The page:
No one can give anyone a voice, #2 - 2021
Golnar Shahyar in an interview with VAN editor Merle Krafeld about the musicality of different languages and the diversification of the music business.
Reports about you say that you refer to Persian music in your songwriting – what is meant by that? Persian folk? Persian classical music?
Golnar Shahyar: Folk still has a very strong ceremonial function in Iran, it is archaic. The sounds differ considerably from region to region, just as the languages differ. Iran is culturally very diverse. You study classical Persian music, you learn it from a master. The music has a higher social status, just like European classical music here. But at some point, this music was also part of folk music.
And what of it finds influence in your songwriting?
That’s very difficult for me to say. In Iran, after the revolution, there was a ban on women singing. Live music was also often forbidden, I really didn’t experience concerts very often in Iran. We had the revolutionary songs and war songs. And Tasnif, that’s something like a very old Iranian songwriting. And then MTV came along [laughs]. But this music was not representative of my generation. For me, it’s extremely difficult to categorise.
You sing in many different languages, especially Farsi and English. What else?
I also have pieces in my repertoire in Kurdish, Sephardic and in an imaginary language that I like to use when I feel that songs are not ready for lyrics. Sometimes they are never ready. And some compositions only become round through the textual message.
Does the language change the way you compose or sing – because the languages work with different sounds, for example, or with different images in terms of content?
Absolutely! Every language has its own sound and its own feeling. I also love singing in Arabic and listening to Arabic. The sounds of this language are incredibly beautiful for singing. German is difficult for me [laughs]. In Farsi, for example, many things remain open, have several meanings. Every language offers other spaces, other images, other sounds, other ideas.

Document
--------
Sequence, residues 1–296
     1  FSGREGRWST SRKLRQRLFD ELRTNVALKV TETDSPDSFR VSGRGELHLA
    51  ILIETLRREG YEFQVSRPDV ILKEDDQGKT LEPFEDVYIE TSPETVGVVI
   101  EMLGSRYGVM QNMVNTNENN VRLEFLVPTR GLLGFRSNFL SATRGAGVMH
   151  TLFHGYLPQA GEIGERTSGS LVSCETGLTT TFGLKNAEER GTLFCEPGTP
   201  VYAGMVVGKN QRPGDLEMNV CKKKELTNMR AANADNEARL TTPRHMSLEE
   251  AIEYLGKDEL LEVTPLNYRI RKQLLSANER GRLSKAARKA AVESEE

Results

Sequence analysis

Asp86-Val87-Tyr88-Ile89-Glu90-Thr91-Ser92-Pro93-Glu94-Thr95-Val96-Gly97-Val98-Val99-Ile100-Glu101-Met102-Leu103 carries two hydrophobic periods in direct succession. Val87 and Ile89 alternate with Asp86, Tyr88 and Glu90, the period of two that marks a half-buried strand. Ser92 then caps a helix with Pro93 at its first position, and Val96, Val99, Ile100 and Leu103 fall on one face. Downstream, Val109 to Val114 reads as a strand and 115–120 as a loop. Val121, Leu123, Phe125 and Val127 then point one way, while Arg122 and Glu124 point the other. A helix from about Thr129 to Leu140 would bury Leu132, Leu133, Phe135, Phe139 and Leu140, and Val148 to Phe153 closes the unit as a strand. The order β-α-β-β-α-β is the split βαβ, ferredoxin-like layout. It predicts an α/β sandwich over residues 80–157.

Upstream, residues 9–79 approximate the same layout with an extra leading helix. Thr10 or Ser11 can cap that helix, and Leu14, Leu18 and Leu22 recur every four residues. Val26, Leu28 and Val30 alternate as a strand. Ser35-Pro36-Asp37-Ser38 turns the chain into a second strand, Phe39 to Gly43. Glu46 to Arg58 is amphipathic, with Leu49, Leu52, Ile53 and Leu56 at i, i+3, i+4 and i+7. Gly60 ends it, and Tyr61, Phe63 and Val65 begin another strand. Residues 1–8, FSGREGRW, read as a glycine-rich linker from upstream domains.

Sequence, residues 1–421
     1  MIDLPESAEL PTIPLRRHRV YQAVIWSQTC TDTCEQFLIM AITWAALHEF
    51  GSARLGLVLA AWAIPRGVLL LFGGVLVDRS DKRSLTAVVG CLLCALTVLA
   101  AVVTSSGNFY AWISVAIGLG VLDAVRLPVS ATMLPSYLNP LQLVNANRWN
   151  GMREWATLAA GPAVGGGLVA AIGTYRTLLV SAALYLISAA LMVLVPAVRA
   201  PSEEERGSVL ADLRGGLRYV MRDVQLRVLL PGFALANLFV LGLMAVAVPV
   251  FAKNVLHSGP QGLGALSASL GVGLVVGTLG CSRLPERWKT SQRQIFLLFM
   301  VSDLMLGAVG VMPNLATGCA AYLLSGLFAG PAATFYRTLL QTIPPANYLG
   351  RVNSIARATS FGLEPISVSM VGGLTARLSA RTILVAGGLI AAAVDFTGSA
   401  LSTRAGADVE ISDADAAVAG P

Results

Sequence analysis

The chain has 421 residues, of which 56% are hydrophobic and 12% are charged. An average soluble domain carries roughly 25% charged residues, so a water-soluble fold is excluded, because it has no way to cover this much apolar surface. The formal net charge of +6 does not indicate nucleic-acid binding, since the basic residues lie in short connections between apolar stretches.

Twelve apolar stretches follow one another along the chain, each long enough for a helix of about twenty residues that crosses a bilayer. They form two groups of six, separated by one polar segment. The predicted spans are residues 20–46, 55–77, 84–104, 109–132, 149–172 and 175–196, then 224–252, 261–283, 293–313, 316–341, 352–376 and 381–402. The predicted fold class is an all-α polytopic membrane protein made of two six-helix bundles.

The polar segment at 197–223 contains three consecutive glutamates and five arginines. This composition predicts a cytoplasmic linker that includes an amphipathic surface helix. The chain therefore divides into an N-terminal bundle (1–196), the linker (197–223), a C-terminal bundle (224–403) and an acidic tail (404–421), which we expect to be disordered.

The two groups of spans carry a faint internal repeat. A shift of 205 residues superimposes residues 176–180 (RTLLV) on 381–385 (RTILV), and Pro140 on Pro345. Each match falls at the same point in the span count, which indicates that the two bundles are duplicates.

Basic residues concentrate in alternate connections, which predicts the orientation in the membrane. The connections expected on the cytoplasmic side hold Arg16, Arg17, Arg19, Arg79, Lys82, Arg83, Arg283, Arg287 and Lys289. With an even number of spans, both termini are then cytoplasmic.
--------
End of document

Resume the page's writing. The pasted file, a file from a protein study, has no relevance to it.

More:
Are language and musical material connected for you? For example, do you also use the Iranian dastgah system when you sing in Farsi?
I can sing Iranian scales to an English text. But it sounds so funny! [laughs] Our ears are simply not used to that. There is already something like a language melody through which the scales are connected with the languages. Apart from composing my own music, I am also looking for my own interpretation of the old Iranian traditional and folk music as well as the old tasnifs. This means that I sing according to the Iranian dastgah system, but with new vocal colours, vocal and arrangement approaches. In my own compositions, I sometimes think from the perspective of the dastgah system and develop the melodies in this system. However, it is my conscious decision to find my own interpretation and expression, which does not categorise me as a typical Iranian classical singer.
To me, your pieces sound very lively and free, I feel there is a lot of improvisation.
Our songs are composed: the structure and certain melodies. But how I get into a melody, for example – that changes at every concert. And there are always parts that I leave completely free for myself, where I let myself be surprised on stage what happens.
You recently wrote an open letter about the media’s disregard for musicians with a migrant background in Austria …
I have been working in Austria for almost ten years. In the music business there are clichés of cultures that have nothing to do with the actual cultures. This forces artists to present their own culture as exotic as possible – because otherwise they simply can’t perform. The education system also plays a role: you can only study European classical music, American jazz and Anglo-Saxon pop. We are often overlooked by music journalism. When we do appear, we are not regarded as artists, as specialists, but as exotic objects. It is also never discussed that “world music” is a problematic, discriminatory term. The term was invented as a marketing tool, but it is simply impossible to describe so much diverse music under one term.
Do you have any concrete suggestions?
This topic actually deserves its own interview. The marginalised cultures need more space and power in the musical ecosystem as a whole. And that has to develop organically. No one can give anyone a voice – people already have a voice. They know who they are and what they want. They just need the space, time and belief that they can do it. This is where education plays a crucial role. Music colleges should open their doors to these marginalised cultures as soon as possible. We need more musicians who understand musical diversity, respect it and can practice it. Then we could collectively develop an understanding of what our contemporary musical language is, because it is certainly not just the white European and American musical identity.
Abridged version; the full interview appeared in the online magazine OUTERNATIONAL on 7 October 2020. www.van-outernational.com
Golnar Shahyar, voice; Elsa M’Bala aka AMET, electronics; Leopold Hurt, zither; Afra Mussawisade, tonbak; Mona Matbou Riahi, clarinet Elisa Erkelenz, curation and concept; Heinrich Horwitz, room and concept
A concert by Outernational as part of 4:3 Kammer Musik Neu